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Target 3 Special: Access Ability

A steady, day-to-day job is something many of us can take for granted.  For the hundreds of Texomans with a disabilities, a job means a sense of independence many of them have never had the chance to experience.
    For the past 32 years, Brenda Terry has worked as a data entry clerk at Beacon Lighthouse in Wichita Falls, a job she never imagined she'd be able to do.
    "For visually impaired people, this is about the only place that we have an opportunity to be employed. I'm able to work with peers, people who have visual impairment just like myself," Terry says.
    Terry was born with full sight.
    But when she was 23-years-old, life as she knew it changed overnight.
    "I picked up a phone book one day to read it. I could read it the day before, and that day I couldn't read it," she says.
    Terry was diagnosed with Retinitis Pigmentosa, a hereditary disease of the retina that ultimately leads to incurable blindness.
    "I was frustrated. I was angry. I felt sorry for myself. Finally one day I decided I was tired of being like that, and there were other people that were in the same situation I am or other people in a worse situation than myself, and it was time to pick up the pieces and go about my life," Terry says.
    And she did just that by getting a job at Beacon Lighthouse.
    Most of the lighthouse's employees are blind or visually impaired.
    Jacquelyn Davis, a press operator, says, "Each lighthouse has a beacon. It guides ships and stuff to port. People who are blind, we act lost because of our vision. But this lighthouse leads us all into this facility and gives us another chance."
    Employees produce the Lighthouse's major product lines, including cleaning products, kits for aircraft cleaning, emergency lights, and stainless steel sponges.
    "We keep the military afloat. We keep the air force afloat. We know we keep the navy afloat because they use our stainless steel scrubbers," Davis says.
    Bill Archer is part of a four person sales team at the Lighthouse.
    Three of the four, including Archer, are legally blind.
    "We use different forms of equipment to carry out our jobs," Archer says.
    He uses a software called "Zoom Text" so he can see what he's working on.
    "This particular equipment will take a page and blow it up to whatever size I need to see the material that's actually on there," Archer says.
    Archer is loyal to the Lighthouse and has worked there for nearly 20 years.
    He says modern technology has opened the window of work opportunities for him and others.
    "Things that I do now I could have never done when I first began here," he says.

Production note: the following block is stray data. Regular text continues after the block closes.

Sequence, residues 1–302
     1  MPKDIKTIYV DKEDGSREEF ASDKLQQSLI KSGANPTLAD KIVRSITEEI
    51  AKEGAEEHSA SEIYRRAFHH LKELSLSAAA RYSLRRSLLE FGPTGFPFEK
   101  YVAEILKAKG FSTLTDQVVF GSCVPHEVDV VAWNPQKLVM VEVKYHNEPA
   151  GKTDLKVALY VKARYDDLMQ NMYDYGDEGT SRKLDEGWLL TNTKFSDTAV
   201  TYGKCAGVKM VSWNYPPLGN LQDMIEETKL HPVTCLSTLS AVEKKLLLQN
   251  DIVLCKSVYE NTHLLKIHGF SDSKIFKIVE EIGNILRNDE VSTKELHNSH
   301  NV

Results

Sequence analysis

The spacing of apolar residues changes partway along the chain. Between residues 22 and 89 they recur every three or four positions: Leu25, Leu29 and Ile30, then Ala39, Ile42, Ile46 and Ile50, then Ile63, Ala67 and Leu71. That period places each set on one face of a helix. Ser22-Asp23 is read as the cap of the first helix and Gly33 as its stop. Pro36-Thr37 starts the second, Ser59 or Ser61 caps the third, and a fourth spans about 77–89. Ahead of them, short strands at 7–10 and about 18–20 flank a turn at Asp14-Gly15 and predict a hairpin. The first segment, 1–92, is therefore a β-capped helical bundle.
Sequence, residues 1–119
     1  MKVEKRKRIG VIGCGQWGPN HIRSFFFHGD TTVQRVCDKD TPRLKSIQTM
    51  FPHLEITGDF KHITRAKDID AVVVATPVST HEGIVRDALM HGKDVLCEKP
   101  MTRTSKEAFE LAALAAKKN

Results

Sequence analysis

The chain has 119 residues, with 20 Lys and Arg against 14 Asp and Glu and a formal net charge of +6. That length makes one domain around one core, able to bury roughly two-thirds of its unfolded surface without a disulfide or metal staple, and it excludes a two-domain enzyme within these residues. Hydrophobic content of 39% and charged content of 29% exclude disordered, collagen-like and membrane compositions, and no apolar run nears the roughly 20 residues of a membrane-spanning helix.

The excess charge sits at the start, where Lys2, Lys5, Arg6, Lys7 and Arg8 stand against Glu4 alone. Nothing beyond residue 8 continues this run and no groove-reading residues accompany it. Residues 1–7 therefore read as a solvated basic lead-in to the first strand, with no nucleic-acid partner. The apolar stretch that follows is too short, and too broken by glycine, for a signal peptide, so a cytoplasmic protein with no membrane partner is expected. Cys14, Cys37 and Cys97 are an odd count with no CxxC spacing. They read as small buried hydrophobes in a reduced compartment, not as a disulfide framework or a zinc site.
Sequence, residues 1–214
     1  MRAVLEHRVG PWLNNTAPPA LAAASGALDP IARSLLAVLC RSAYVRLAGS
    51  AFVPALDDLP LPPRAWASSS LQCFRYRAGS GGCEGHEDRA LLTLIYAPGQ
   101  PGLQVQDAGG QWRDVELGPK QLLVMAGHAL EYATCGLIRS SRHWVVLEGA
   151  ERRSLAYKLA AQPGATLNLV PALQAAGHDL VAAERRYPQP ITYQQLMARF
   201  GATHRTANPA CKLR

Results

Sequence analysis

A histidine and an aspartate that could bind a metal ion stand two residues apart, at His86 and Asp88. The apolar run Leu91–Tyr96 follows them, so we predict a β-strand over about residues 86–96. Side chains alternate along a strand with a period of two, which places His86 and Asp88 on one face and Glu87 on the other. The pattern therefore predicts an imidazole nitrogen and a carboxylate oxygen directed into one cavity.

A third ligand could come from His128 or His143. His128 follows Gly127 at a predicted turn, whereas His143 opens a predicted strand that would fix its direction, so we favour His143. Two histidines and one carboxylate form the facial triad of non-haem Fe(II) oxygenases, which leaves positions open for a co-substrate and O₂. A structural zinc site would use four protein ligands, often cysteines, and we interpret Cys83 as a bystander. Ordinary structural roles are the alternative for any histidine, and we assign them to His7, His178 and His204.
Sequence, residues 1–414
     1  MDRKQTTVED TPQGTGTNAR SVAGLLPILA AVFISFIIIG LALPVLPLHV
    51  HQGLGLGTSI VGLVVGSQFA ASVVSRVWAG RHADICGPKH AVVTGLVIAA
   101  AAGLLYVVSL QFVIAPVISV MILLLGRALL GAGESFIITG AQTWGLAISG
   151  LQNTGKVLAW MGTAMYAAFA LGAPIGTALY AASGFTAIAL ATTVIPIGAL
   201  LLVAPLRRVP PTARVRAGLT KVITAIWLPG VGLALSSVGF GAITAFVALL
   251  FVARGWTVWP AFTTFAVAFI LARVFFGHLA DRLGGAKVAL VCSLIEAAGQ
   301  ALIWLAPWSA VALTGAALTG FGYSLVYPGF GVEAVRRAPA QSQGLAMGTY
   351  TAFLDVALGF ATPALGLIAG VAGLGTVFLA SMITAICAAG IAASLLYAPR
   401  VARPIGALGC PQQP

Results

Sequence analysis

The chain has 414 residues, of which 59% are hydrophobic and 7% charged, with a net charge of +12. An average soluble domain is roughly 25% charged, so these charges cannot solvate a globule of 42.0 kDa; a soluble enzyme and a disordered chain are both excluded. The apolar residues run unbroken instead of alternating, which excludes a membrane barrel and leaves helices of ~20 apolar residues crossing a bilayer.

Recently released statistics show unemployment for people with is higher than that of people without disabilities: 12.9 percent compared to 8. 7 percent.
    "I think one of the best things you can do for someone with a disability is give them an opportunity to get a job."
    Jerry Bettenhausen, CEO of Wichita Falls Work Services Corporation, one of the nation's largest employers of people with disabilities, employs people with any type of disability, including intellectual, mental health, visual, speech, and hearing disabilities.
    In fact, he says he thinks people with disabilities make better employees than people who don't have a disability.
    "When they get a job, they value that job more than I would say the average employee does.  That results in an employee that's better committed, more loyal to the organization, and has a better work ethic," Betthausen says.
    The company is perhaps best known for its paperclip manufacturing operation, which employs people with some of the most severe disabilities.
    "Whether it's the president of the United States or astronauts in NASA, or people working at Sheppard Air Force Base, they all use paperclips that are made right here in Wichita Falls," Bettenhausen says.
    Rhonda Lovett has worked in the paperclip factory for five years.
    She inspects each and every paperclip as it comes out of the press.
    "My job means a lot to me. I've been here five years. It means a lot to me. It means family," Lovett says.
    Lovett suffered a stroke in 2005.
    "Since then, I couldn't do any other work but this," Lovett says.
    She says it's been a long, hard road, and she's had a lot to overcome.
    But, she says she wouldn't trade her job for the world.
    "Every day. I haven't missed a day! I have my vacation time and my sick time, and I haven't missed a day. I love it! I just like being here," Lovett says.
    "I can be independent and self-sufficient and not have to worry about being unemployed," Terry says.
    "It's taught me about being independent," Lovett says.  "I wasn't independent after I suffered the stroke. I'm independent now. I pay my bills. I live by myself. That's just great for me!"
    Work Services Corporation is now also focusing on employing wounded warriors, so those injured while defending our country have a job to come home to once they return from overseas.
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